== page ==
LOUISVILLE, KY (WAVE) - Investigators say the attackers who killed 14 people at a banquet in Southern California on Wednesday had more than 1,600 bullets with them when they were gunned down in their SUV.
They say another several thousand rounds were found at their home, along with a dozen pipe bombs and hundreds of tools that could be used to make explosives. Mass shootings around the world continue to push a rise in gun sales.
We know nationwide Black Friday saw more background checks for guns than ever before. The same is true here in Kentucky for one of the biggest gun dealers in the country.
Any time of day, you'll find long-time gun owners and first-time buyers perfecting their shot at the Kentucky Gun Company in Bardstown.
The parking lot is always packed and Black Friday and Cyber Monday brought huge sales. As for the day following a mass shooting in California? It's so busy, you have to take a number to get your gun.
What primarily began as a hunting business in 1946 has completely changed over the years. With more than 12,000 guns on property, owner Patrick Hayden says around 70 to 80 percent of his sales are now for personal defense.
"If you just look at what's going on in the world around you, you know the response time usually for law enforcement is several minutes, if not more," Hayden said.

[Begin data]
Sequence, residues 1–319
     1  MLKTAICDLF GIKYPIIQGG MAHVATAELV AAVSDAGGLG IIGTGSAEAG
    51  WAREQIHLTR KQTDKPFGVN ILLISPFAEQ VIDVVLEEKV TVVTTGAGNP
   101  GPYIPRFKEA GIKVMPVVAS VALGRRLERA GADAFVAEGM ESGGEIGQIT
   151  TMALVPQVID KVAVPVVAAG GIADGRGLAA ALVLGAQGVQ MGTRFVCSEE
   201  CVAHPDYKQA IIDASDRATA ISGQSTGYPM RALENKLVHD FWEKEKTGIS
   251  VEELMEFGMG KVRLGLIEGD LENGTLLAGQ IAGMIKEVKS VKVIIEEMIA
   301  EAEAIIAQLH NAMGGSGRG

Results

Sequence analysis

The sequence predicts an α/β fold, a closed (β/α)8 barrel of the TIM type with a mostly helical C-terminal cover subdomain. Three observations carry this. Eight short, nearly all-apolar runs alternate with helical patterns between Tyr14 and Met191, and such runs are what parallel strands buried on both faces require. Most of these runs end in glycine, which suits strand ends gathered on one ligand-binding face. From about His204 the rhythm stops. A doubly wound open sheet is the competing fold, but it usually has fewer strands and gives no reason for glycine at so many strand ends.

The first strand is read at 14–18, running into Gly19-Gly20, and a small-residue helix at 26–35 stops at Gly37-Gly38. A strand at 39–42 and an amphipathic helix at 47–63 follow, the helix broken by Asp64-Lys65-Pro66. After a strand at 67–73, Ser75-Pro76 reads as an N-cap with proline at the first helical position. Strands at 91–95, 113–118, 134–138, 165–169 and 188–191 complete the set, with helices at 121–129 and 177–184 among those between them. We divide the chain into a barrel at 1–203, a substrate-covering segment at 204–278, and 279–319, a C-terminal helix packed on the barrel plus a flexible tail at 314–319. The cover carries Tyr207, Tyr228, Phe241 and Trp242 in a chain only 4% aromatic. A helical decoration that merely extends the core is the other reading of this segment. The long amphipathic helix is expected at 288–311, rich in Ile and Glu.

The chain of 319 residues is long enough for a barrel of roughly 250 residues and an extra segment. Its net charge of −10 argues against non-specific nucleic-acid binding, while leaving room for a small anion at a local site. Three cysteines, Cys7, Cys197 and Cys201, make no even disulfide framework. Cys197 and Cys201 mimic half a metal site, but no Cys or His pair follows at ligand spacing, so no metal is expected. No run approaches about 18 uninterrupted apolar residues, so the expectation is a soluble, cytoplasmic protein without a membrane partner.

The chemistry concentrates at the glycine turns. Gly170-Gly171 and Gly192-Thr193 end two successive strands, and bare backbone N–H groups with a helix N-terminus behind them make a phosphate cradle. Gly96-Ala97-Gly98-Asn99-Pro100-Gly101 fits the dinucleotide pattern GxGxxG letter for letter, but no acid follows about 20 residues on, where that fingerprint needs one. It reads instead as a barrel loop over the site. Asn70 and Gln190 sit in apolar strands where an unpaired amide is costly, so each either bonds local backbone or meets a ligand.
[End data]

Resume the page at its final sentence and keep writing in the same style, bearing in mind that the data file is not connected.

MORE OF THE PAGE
Hayden told WAVE3 News he's certain the recent mass shootings and violence have people worried about personal protection.
"Hands down, that's 100 percent guaranteed," he said. "We are seeing our concealed-carry classes increase every month. We're seeing first-time buyers coming in here increase every month and we're seeing the small little pocket guns (increase in sales). Right now, we have a pocket gun that went on special and we sold over 400 of them in the past 48 hours."
Hayden is talking about the Ruger Pocket 380.
"It's small and fits in the pocket (and) fits in the purse," he said.
Gun owner Allan Jenkins says he doesn't go many places without his weapon and believes more people are starting to worry about their safety.
"I think the world is going through a change now that people like myself do choose to be in charge of my own protection to protect my family," he said.
Nicole Thomas is the store's Bureau of Alcohol, Tobacco, Firearms and Explosives compliance officer.
She said that "around four" buyers don't pass the background checks each month.
Hayden says despite what critics might think about the security of background checks, the ATF is very active at his store.
"We probably have three or four traces a week where the ATF is wanting to trace who purchased the firearm," he said.
Much of the store's business is online. The gun is shipped to a dealer in the area so a background check can be done before the buyer